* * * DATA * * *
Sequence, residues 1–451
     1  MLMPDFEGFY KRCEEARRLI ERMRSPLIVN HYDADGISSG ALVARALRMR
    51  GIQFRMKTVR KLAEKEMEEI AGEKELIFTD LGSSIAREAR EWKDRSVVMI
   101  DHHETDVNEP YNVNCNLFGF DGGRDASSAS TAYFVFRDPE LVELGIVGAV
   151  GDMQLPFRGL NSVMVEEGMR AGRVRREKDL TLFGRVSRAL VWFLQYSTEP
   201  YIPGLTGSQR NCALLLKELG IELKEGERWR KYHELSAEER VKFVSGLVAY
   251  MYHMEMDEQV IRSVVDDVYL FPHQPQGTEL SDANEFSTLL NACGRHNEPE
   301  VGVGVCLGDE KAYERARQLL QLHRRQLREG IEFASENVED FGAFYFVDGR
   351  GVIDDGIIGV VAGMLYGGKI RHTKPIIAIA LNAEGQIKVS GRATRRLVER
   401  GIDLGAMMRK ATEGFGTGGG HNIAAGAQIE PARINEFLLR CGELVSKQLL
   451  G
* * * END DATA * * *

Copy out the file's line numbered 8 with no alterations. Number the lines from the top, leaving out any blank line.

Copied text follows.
   301  VGVGVCLGDE KAYERARQLL QLHRRQLREG IEFASENVED FGAFYFVDGR